The UCA leadership and Health and Public Policy Committee are working together to educate Congress and other key health care policymakers on the urgent care industry.



Washington Updates

Thank you for your intereste in the UCA Virtual Lobby Day, March 3, 2021! Below are the top priorities for the urgent care industry, some tips and talking points that you can use during your visits with members of Congress and staffers.

In the following link you will get important infomation on the following:

What can I expect during a virtual meeting?

What is your key message during your visit?

How should you follow up after the visit?

What are the TOP Priorities for UCA Lobby Day

Download the Talking Points and Priorities PDF

For more information or additional Urgent Care resources please visit follow this link.


The Urgent Care Association (UCA) is working hard to bring urgent care centers front and center during the COVID-19 federal response and health care provider relief efforts and recommends to these organizations that urgent care centers be included in ongoing and future testing strategies, as well as future vaccination strategies: American Academy of Family Physicians; American College of Emergency Physicians; National Governor’s Association; Office of Michigan Governor Gretchen Whitmer; Centers for Disease Control and Prevention; Office of Senator Patty Murray (D-WA), Ranking Member Health, Education, Labor and Pensions Committee; Office of Senator Mike Enzi (R-WY), Member, Health, Education, Labor and Pensions Committee; Republican Staff for the Senate Finance Committee (8/4); Office of Senator Jacky Rosen (D-NV), Member, Health, Education, Labor and Pensions Committee (8/4); and the American Telemedicine Association (8/12).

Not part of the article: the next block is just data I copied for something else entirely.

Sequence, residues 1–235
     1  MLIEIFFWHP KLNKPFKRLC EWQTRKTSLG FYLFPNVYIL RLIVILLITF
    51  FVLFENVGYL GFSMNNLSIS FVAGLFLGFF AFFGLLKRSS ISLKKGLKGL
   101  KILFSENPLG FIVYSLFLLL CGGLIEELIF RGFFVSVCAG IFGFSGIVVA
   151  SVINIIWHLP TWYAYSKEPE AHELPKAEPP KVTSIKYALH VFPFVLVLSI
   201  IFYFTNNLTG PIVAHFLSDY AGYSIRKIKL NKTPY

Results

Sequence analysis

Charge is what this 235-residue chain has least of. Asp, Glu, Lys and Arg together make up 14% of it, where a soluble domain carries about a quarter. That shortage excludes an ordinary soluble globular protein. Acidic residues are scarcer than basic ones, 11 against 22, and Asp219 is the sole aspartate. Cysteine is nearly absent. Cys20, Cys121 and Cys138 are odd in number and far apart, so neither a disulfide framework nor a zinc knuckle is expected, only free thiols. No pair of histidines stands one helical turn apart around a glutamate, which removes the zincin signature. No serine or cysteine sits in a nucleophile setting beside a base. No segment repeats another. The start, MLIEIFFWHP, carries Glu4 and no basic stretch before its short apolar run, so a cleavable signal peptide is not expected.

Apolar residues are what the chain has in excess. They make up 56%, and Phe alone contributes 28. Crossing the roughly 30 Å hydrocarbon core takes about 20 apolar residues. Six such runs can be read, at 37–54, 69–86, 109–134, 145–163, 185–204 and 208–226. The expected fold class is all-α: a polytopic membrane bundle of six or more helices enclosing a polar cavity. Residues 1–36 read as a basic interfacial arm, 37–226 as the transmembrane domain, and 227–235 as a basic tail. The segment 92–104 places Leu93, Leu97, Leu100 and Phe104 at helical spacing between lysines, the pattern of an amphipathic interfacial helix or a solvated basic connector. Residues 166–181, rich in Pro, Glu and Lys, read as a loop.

The Urgent Care Association (UCA) held its first-ever Capitol Hill briefing on November 13 to educate congressional staff on role of urgent care centers in health care delivery, and specifically how urgent care centers can help stop the spread of influenza through immediate treatment with symptom onset, as well as by providing vaccinations. Read more.
Effective Jan. 1, 2020, urgent care centers who are UCA Certificed or Accredited to receive an additional $76.50 for the care of new injured or ill workers. The change to recognize UCA Accreditation follows a letter sent in August by UCA to the Colorado Department of Labor and Employment asking that urgent care centers be accredited or certified by UCA to be recognized for a separate facility payment. You can learn more about UCA accreditation and certification on our website, or reach out to Brian Gaddis at 630-544-6535. We are pleased that UCA’s programs were recognized and look forward to assisting you in achieving or maintaining these levels of distinction. Continue reading here.